A 15th-century Chinese box that has been sitting in an attic for decades was sold at auction for $358,000 on May 18, beyond its initial estimated price.
The box, which was created during the 1430s in the imperial workshops near the Forbidden City in Beijing and bears the marks of Xuande, the fifth Emperor of the Ming Dynasty, was initially estimated to sell for between $7,400 and $12,000.
“It is one of the only five known in the world; three of the five pieces are in museums or institutional collections, and one is in a private collection,” said Dreweatts auctioneers.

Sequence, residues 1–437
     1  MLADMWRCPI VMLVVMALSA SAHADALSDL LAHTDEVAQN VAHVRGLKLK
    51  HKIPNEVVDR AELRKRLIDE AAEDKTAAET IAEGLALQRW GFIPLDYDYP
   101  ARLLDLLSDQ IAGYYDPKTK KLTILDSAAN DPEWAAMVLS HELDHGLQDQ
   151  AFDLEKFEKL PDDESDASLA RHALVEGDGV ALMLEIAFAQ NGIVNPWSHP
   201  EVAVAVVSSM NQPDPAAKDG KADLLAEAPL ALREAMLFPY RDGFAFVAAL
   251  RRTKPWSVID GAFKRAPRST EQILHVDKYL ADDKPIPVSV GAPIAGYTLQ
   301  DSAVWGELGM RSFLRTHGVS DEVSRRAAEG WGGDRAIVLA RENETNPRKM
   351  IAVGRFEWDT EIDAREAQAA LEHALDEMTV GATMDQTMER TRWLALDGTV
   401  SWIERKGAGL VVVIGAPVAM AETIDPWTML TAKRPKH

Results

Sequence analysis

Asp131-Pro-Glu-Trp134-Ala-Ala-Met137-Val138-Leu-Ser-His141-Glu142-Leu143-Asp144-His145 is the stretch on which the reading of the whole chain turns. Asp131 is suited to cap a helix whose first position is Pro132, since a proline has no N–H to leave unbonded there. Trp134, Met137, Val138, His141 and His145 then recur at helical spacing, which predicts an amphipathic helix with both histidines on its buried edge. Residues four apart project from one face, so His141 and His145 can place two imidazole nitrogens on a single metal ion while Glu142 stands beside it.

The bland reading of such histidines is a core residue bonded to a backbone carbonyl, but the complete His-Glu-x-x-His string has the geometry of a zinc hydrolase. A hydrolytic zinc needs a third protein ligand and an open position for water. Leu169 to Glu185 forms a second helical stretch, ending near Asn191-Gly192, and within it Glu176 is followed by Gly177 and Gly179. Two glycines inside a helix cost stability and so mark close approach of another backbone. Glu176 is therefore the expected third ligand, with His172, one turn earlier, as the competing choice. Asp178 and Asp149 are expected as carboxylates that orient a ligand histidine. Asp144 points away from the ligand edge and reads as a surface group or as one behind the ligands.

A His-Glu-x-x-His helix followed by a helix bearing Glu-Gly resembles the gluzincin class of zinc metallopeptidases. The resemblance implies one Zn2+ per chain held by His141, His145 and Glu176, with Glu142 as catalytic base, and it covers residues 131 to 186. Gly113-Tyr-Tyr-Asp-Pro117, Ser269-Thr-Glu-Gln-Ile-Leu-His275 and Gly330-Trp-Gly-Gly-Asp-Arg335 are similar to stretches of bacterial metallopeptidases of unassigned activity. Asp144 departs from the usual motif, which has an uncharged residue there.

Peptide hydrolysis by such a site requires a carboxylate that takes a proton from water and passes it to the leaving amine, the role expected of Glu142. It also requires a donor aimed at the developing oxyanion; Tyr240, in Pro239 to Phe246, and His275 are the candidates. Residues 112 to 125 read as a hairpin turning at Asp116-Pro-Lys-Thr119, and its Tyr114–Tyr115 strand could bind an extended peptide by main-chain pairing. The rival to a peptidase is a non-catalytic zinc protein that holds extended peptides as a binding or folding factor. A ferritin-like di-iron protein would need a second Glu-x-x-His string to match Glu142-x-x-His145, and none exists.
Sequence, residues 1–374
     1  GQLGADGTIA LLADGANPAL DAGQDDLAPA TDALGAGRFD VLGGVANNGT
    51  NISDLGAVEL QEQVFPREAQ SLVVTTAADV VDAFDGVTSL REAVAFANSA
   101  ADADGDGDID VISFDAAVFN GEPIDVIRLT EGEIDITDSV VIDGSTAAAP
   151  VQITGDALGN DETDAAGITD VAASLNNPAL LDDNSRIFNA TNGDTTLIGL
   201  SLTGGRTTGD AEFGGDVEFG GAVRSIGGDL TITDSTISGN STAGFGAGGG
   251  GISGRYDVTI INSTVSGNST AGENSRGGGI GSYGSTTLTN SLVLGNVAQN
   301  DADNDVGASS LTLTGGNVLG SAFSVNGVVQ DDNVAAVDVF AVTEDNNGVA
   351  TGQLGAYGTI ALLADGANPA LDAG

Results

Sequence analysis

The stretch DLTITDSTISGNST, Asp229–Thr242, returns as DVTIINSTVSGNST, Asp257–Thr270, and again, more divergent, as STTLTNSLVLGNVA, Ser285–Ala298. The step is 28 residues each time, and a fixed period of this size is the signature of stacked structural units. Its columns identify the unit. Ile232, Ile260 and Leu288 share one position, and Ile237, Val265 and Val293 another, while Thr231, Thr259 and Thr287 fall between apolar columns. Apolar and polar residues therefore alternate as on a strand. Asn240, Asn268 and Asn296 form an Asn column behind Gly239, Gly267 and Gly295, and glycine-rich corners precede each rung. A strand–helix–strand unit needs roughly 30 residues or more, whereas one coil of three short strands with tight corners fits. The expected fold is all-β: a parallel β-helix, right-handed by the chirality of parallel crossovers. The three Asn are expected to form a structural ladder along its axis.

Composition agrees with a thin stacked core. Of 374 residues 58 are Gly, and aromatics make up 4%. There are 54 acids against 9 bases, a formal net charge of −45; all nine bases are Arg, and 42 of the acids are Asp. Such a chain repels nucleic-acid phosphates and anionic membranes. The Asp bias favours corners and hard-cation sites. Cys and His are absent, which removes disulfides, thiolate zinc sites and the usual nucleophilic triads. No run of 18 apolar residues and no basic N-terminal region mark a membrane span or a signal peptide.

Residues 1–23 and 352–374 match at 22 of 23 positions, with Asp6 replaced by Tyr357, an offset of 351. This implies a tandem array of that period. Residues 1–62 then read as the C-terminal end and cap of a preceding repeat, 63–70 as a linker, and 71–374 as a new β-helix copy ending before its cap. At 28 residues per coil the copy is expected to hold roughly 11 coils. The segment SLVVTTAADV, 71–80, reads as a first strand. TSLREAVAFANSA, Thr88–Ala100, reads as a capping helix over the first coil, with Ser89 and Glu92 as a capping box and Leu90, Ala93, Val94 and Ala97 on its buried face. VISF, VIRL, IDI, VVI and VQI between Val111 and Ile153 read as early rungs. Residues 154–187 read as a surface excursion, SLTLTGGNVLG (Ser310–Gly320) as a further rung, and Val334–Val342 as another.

This is the box’s first time to be auctioned in 77 years, after being considered lost and later found among Maj. Edward Copleston Radcliffe’s collection when he died after buying it in 1946 for $24.
The circular piece is 12 cm in diameter and features a design of ripe pomegranates, gold branches, and blossoms. Pomegranates were a symbol of fertility in the 15th century.
The auction had strong bidding between nine bidders over the phone and was finalised with a private collector in Asia buying the box.